As a child in Mexico, hall of fame boxer Yaqui Lopez watched bullfighting matches in awe.
“I liked the bullfighting, I loved it,” said Lopez, who runs Fat City Boxing Club at 835 E. Miner Ave. in Stockton. “I loved it because I see the (matadors) that come in the fancy dresses, and nice big cars and all the people would clap for them. I wanted to be one of those guys.”
The fascination, though, led Lopez away from the bullfighting ring and into the boxing ring.
A rained out competition meant the matadors left town by train, but the bull stayed behind. Lopez, after talking to officials, was given a chance to fight the bull at only 12.
While fighting, he was injured when the bull struck him in the leg. It didn’t change Lopez’s want to engage in physically dangerous competition.
“After that, my mother was here and my dad and they know what I like (competing), so they brought me here,” Lopez said.
Lopez and his family moved from Zacatecas, Mexico, to Linden when he was 14.
Lopez attended school for about six months before deciding it wasn’t for him, leading to him working in the fields.
When Lopez turned 18, he met his now wife Beatrice. He later learned Beatrice’s father was a boxing promoter.
Lopez talked to her father about training and becoming a boxer.
“I met her (Beatrice’s) father in 1969. I asked him (if he could train me) and he said ‘Yeah, why not? You look like a tough Mexican.’ Anyway, things started like that.”
After meeting Beatrice’s father, Lopez trained and went to Oakland and spawned for 15 days, where he fought in sessions of about three rounds. He lost the first match.
Determined, he fought a few more rounds with the same individual that beat him the first time and gradually got better and ended a match with a draw, eventually beating the same opponent.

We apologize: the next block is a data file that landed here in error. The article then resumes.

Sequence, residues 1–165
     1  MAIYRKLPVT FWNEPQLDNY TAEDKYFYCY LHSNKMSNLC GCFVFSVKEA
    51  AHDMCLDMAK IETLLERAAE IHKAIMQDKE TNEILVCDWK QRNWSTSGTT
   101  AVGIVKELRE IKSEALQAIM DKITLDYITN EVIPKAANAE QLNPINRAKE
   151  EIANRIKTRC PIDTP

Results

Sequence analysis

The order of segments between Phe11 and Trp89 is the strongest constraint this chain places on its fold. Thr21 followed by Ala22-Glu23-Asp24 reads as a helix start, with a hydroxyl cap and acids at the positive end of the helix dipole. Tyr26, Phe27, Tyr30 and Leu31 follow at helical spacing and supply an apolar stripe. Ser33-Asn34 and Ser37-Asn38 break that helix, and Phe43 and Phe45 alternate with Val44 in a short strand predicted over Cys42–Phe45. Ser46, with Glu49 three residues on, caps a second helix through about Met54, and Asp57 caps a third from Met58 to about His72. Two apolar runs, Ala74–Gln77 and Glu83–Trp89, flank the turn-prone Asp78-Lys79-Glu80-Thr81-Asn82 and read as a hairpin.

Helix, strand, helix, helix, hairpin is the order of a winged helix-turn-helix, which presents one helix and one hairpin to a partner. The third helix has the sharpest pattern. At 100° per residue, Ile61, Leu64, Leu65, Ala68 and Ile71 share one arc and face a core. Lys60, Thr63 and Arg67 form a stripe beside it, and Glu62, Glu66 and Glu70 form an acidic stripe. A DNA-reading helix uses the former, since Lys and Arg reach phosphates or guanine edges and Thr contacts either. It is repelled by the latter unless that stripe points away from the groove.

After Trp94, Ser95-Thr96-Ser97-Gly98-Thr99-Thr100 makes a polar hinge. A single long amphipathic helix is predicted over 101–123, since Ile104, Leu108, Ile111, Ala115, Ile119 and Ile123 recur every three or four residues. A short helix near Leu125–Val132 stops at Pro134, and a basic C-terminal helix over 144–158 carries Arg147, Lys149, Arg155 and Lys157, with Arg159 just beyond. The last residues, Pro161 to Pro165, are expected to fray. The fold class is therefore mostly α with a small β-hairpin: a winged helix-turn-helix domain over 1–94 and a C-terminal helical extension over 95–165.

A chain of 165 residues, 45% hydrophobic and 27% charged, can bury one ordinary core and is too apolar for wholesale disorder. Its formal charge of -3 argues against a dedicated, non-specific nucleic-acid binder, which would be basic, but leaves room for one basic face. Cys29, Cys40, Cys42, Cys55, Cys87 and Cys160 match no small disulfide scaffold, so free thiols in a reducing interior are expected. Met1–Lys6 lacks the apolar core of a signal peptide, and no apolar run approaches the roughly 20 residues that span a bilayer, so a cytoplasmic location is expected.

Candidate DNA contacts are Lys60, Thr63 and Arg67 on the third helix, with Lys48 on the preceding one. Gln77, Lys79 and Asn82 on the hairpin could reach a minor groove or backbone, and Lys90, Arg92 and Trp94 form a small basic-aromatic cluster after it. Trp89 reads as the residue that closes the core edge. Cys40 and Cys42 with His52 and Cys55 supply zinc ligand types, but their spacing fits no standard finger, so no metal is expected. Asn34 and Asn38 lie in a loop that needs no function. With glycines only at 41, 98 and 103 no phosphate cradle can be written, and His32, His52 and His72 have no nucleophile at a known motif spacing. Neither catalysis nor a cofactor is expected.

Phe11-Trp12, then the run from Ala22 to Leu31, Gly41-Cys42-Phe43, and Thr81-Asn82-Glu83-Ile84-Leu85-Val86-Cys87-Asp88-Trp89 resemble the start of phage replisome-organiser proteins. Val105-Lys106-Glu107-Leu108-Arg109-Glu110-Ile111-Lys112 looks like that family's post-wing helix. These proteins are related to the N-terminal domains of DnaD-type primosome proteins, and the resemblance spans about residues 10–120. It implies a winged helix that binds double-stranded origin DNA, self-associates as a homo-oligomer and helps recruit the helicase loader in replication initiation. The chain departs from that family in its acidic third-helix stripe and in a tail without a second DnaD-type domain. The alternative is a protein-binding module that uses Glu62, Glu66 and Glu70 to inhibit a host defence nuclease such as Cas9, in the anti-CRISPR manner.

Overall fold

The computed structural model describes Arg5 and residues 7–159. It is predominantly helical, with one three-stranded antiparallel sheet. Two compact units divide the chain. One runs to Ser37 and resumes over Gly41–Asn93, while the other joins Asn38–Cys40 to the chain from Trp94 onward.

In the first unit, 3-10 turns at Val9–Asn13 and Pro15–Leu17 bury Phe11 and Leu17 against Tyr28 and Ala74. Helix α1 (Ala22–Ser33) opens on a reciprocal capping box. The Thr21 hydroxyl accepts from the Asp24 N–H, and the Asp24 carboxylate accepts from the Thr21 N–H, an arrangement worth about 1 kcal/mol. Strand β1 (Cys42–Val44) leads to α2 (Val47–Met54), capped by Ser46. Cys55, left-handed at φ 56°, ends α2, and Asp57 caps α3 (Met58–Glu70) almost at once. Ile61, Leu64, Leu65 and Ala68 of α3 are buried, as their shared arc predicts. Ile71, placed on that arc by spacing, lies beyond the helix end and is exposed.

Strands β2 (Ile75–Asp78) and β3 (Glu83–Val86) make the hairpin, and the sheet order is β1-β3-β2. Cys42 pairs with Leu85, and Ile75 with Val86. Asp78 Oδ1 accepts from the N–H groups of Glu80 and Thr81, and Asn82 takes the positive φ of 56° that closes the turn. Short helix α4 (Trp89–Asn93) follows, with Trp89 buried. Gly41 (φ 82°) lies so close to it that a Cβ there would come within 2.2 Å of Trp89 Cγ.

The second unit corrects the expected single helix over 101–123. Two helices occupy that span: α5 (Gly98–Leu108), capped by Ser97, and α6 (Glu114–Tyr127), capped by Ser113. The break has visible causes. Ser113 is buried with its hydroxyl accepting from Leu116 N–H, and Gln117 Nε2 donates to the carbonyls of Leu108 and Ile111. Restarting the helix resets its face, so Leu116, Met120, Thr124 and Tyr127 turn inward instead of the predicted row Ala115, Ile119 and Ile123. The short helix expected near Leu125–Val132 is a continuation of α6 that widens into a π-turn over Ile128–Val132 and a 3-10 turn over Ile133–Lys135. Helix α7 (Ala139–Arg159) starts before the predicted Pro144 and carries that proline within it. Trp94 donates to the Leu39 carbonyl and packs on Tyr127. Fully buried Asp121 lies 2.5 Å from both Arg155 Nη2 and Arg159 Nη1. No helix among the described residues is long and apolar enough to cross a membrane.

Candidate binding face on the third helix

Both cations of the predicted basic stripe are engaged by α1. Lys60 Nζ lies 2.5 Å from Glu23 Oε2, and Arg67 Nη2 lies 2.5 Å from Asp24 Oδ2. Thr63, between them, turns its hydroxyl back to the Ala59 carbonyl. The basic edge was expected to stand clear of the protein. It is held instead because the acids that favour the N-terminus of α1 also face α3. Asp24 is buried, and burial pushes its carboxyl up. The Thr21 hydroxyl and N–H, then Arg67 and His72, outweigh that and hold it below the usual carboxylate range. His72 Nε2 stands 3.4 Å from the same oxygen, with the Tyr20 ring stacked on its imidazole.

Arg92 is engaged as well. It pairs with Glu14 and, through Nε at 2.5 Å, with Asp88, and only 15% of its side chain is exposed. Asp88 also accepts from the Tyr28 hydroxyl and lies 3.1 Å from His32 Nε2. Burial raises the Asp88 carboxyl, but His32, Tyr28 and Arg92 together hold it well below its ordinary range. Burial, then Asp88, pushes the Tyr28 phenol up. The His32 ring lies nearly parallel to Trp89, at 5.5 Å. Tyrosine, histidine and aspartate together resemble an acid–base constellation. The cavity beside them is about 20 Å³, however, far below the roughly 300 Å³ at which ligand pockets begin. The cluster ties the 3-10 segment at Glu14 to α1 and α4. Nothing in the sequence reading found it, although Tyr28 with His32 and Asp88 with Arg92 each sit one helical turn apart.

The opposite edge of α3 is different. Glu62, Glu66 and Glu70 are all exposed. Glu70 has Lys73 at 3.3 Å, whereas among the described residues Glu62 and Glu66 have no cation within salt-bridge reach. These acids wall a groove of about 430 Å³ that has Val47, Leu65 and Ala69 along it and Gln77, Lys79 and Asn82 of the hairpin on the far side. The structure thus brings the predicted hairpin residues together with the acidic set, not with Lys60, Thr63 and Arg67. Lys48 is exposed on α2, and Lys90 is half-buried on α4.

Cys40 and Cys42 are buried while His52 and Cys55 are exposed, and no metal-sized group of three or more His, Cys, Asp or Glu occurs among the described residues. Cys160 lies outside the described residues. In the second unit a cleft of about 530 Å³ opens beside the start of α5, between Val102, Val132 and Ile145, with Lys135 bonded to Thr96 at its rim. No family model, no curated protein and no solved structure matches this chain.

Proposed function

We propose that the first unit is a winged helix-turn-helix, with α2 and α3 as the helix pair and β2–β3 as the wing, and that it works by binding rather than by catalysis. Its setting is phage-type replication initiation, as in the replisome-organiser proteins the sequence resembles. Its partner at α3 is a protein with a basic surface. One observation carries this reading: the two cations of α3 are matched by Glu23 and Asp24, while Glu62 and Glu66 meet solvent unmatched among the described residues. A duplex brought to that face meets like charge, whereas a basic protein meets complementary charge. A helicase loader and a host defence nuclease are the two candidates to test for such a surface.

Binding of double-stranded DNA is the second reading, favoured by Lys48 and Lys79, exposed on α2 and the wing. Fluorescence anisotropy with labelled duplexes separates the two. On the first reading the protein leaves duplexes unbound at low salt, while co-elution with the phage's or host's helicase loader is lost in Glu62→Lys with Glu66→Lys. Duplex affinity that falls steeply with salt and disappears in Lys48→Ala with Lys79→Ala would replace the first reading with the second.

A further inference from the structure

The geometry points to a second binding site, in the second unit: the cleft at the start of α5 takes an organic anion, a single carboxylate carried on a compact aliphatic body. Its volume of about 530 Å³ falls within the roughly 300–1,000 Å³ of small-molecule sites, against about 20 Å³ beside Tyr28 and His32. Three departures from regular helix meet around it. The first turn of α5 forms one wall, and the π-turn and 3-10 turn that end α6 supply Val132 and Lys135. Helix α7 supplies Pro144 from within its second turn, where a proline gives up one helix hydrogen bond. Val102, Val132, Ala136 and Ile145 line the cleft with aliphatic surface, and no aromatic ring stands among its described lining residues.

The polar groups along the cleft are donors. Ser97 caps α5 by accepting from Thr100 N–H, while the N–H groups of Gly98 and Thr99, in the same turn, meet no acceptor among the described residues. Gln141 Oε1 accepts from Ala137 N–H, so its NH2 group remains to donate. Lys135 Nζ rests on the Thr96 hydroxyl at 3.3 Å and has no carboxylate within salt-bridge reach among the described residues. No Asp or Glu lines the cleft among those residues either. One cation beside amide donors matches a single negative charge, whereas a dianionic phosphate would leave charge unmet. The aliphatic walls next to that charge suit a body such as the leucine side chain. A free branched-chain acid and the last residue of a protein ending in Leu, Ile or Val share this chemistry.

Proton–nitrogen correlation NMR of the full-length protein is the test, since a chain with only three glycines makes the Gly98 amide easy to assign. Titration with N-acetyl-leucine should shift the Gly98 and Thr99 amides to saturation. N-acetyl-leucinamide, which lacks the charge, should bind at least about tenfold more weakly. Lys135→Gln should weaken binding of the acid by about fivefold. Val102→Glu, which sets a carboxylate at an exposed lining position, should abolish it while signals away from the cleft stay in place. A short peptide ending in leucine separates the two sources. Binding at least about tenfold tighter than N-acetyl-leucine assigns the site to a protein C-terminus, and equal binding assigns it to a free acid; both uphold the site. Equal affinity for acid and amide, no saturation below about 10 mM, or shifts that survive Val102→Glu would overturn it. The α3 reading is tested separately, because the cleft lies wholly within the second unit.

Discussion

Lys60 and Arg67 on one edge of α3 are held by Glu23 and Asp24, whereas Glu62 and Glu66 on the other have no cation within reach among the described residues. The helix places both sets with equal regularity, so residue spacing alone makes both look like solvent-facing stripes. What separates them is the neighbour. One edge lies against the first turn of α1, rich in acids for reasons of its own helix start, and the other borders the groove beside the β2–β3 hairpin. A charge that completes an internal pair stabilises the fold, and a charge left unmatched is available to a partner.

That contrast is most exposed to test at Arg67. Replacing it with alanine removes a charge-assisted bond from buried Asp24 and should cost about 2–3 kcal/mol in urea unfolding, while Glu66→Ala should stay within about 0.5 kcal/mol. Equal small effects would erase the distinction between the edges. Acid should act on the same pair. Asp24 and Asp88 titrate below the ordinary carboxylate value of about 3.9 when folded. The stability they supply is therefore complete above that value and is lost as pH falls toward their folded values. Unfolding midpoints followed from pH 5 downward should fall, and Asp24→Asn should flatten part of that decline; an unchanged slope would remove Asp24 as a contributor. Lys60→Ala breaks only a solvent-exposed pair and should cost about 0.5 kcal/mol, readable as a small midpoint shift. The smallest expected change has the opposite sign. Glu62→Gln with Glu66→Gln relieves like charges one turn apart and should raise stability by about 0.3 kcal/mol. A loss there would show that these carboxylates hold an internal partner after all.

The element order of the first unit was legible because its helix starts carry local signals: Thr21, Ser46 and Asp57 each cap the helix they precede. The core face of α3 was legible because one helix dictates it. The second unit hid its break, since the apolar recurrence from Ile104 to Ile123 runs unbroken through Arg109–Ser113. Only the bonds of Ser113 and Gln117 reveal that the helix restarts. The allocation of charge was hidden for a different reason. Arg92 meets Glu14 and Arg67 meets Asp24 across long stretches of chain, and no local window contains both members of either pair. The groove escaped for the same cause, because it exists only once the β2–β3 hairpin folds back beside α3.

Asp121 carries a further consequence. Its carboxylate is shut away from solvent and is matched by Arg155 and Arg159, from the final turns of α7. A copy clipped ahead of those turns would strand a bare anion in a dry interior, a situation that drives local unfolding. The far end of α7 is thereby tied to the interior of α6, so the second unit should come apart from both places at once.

Lopez boxed as an amateur until he went pro in 1972. He retired in 1984.
While competing amateur, Lopez totaled 15 wins and three losses. He won many more matches after turning pro.
When describing his career, Lopez pulled out and went through magazines, photos, articles and other types of documentation of his boxing career.
In one magazine, a match Lopez was in was listed as boxing’s top 100 greatest fights. His match was listed as No. 14, where he fought against former boxer Matthew Saad Muhammad.
Although Lopez lost the match with a TKO in the 11th round, Lopez looks back on the widely considered classic match fondly, as well as his entire career.
“Boxing is good if you like it, you know,” said Lopez. “Boxing will make you a man, it made me a man. Boxing made me respect people.”
After retiring, Lopez’s wife asked him what he wanted to do after retiring. Lopez wanted to open a gym and train boxers.
He would then travel to the Bay Area, and Minneapolis, among other places, and train boxers and prepping them for their fights.
Seven years ago, after Lopez stopped traveling and training boxers around the country, he took over Fat City.
Lopez, being a successful former professional boxer, wants to pass on what he’s learned over the years to young up and coming boxers.
Lopez said Fat City is a great gym to learn how to box.
“There’s a lot of gyms in Stockton,” Lopez said. “I don’t want to tell you that it’s the best gym, but I fight for the championship of the world five times. I was the North American boxing champion,”
“Sure, there’s a lot of gyms, but they won’t tell you exactly what to do, they don’t teach you the specific way to throw punches and techniques. And I love it,” said Lopez.
Fat City is ran with the help of donations and paid gym memberships.
If one would like to be a gym member of Fat City, the monthly price is $70 for those 13 and over. For those that are 12 and under, the monthly payment is $50.
“Boxing is the tougher than any other game,” Lopez said. “Boxing is one on one. If you’re hurt, you don’t tell your manager ‘please get another guy to replace me,’ like in basketball, baseball or football. You push through it.”